Multiple Individuals Charged for Twitter Hack
Three people have been identified and charged with the Twitter hack that occurred last month, that generated over $100,000 in bitcoin, through hijacking high-profile accounts. Of the 130 accounts that were used to spread the Bitcoin scam, some major names included Elon Musk and Bill Gates, who have been portrayed in similar scams in the past. It appears that the FBI was able to identify the perpetrators through a known hacking forum that offered up Twitter account hacking services for a fee.
Colorado Town Suffers Ransomware Attack
The town of Lafayette, CO became the victim of a ransomware attack last week, and unfortunately didn’t have the capabilities to recover from the attack without paying the ransom, of $45,000 in cryptocurrency. The attack itself took many of the City’s major services offline for a number of days, until officials determined they wouldn’t be able to recover without paying for their systems to be decrypted. In situations like this, having a backup of your data, even if it is somewhat out of date, is still a better recovery method and usually cheaper than paying for a ransom that doesn’t guarantee the return your data.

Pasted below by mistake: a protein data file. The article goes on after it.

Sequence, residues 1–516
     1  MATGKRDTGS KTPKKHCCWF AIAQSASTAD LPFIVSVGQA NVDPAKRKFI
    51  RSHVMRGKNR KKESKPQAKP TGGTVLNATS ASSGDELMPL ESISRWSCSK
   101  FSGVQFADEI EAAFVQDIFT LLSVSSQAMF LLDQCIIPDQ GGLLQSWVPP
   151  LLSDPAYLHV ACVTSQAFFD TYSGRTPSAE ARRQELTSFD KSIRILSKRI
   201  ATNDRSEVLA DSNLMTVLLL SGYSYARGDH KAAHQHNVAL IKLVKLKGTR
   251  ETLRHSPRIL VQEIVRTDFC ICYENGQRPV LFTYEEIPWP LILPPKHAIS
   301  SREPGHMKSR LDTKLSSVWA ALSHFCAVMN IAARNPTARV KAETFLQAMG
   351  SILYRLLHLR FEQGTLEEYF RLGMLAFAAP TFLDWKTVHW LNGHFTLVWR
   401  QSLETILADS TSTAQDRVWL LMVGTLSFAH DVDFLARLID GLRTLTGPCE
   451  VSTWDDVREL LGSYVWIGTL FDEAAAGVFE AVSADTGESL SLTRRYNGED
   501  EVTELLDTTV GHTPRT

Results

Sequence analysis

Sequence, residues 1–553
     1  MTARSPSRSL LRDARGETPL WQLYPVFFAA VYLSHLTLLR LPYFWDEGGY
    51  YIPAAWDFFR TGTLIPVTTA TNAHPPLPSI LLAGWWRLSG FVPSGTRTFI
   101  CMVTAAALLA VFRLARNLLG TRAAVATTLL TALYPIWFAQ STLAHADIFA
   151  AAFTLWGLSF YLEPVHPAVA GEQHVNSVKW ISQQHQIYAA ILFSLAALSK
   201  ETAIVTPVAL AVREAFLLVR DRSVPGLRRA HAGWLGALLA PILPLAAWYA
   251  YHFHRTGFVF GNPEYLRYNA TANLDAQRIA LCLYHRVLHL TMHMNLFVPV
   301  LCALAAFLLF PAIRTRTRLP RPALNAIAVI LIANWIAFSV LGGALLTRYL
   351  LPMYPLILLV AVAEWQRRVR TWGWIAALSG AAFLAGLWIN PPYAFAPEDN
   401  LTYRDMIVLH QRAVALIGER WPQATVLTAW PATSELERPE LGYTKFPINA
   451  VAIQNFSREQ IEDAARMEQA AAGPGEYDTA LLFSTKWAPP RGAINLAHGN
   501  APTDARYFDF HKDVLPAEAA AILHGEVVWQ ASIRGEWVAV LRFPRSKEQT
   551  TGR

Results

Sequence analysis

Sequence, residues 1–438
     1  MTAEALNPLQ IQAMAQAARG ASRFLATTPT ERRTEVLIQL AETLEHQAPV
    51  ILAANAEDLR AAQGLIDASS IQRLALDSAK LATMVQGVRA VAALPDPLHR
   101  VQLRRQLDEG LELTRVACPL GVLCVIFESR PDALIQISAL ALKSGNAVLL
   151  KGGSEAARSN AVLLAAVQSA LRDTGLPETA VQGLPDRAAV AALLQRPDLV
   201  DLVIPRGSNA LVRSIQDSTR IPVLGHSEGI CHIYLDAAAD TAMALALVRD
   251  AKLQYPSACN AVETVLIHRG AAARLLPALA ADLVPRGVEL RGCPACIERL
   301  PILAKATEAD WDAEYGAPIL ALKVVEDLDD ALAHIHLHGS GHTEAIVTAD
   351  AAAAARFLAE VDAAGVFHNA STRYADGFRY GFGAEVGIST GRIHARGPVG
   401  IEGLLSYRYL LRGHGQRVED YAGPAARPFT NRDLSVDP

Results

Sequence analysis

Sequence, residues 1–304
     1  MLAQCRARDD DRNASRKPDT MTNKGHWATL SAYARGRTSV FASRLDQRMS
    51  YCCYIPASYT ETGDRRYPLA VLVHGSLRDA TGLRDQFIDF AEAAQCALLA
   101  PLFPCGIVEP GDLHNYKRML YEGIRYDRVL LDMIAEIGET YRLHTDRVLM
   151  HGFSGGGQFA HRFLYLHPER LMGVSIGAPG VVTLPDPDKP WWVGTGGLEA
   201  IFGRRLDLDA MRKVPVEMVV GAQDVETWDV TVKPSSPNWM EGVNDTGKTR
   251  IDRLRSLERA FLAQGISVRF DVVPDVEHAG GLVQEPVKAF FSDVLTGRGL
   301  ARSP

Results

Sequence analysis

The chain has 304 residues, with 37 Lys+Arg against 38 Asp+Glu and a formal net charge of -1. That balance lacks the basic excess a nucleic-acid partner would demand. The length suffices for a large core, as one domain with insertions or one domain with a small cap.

Millions of Social Media Profiles Exposed
Due to a misconfigured database, over 235 million social media profiles from several major platforms have been publicly exposed. The databases included personally identifiable information such as names, locations, and contact data. Social Data, an online data marketing broker, seems to be the owner of the data, though it is unclear as to what means they used to obtain the original data as data scraping for profit is generally not tolerated by Facebook and other platforms. According to Social Data, the database was still exposed for up to 3 hours after initially being spotted, it is still unknown as to how long the data was accessible without any authentication.
Maze Ransomware Cartel Adds New Variant Team
The authors of the lesser-known ransomware variant SunCrypt have recently joined forces with the Maze ransomware cartel, with the hopes of mutually benefiting from the allegiance. It is believed that the new members of the cartel are brought in to assist with the high volume of attacks that the Maze Group are being hired for, and in turn are being paid with a generous portion of the extorted profits. In addition to the revenue streams that come with being part of a massive organization, the cartel members also benefit from access to the Maze Group’s resources including obfuscation techniques and posting cartel member’s stolen data to their dedicated leak site.
Thousands of Android Users fall Victim to Giveaway Fraud
Upwards of 65,000 Android users may have been compromised after installing a malicious app that promised the victims free items. In the year that the scam was in effect, roughly 5,000 apps were spoofed, all attempting to lure victims into downloading them with a phony giveaway. The infection itself pushes silent ads to run in the background of the device, generating ad revenue for the scammers and decreasing the device’s overall performance